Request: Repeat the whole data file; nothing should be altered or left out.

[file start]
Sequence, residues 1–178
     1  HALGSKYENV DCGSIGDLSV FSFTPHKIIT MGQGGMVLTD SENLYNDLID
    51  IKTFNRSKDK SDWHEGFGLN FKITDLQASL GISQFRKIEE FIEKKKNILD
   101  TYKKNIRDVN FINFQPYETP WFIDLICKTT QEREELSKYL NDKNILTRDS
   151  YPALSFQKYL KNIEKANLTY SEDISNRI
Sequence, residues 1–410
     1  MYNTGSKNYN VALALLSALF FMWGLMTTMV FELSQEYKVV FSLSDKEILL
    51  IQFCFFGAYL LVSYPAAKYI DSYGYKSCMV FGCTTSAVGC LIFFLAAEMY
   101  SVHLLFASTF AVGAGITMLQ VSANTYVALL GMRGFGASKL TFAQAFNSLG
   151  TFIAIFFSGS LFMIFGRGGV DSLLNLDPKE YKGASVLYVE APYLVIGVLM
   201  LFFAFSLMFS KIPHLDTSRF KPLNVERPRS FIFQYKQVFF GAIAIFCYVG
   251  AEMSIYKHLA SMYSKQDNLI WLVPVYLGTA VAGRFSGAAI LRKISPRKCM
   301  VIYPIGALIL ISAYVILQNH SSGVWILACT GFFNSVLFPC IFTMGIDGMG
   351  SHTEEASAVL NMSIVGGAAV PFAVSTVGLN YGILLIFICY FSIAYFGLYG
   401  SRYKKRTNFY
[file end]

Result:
Sequence, residues 1–178
     1  HALGSKYENV DCGSIGDLSV FSFTPHKIIT MGQGGMVLTD SENLYNDLID
    51  IKTFNRSKDK SDWHEGFGLN FKITDLQASL GISQFRKIEE FIEKKKNILD
   101  TYKKNIRDVN FINFQPYETP WFIDLICKTT QEREELSKYL NDKNILTRDS
   151  YPALSFQKYL KNIEKANLTY SEDISNRI
Sequence, residues 1–410
     1  MYNTGSKNYN VALALLSALF FMWGLMTTMV FELSQEYKVV FSLSDKEILL
    51  IQFCFFGAYL LVSYPAAKYI DSYGYKSCMV FGCTTSAVGC LIFFLAAEMY
   101  SVHLLFASTF AVGAGITMLQ VSANTYVALL GMRGFGASKL TFAQAFNSLG
   151  TFIAIFFSGS LFMIFGRGGV DSLLNLDPKE YKGASVLYVE APYLVIGVLM
   201  LFFAFSLMFS KIPHLDTSRF KPLNVERPRS FIFQYKQVFF GAIAIFCYVG
   251  AEMSIYKHLA SMYSKQDNLI WLVPVYLGTA VAGRFSGAAI LRKISPRKCM
   301  VIYPIGALIL ISAYVILQNH SSGVWILACT GFFNSVLFPC IFTMGIDGMG
   351  SHTEEASAVL NMSIVGGAAV PFAVSTVGLN YGILLIFICY FSIAYFGLYG
   401  SRYKKRTNFY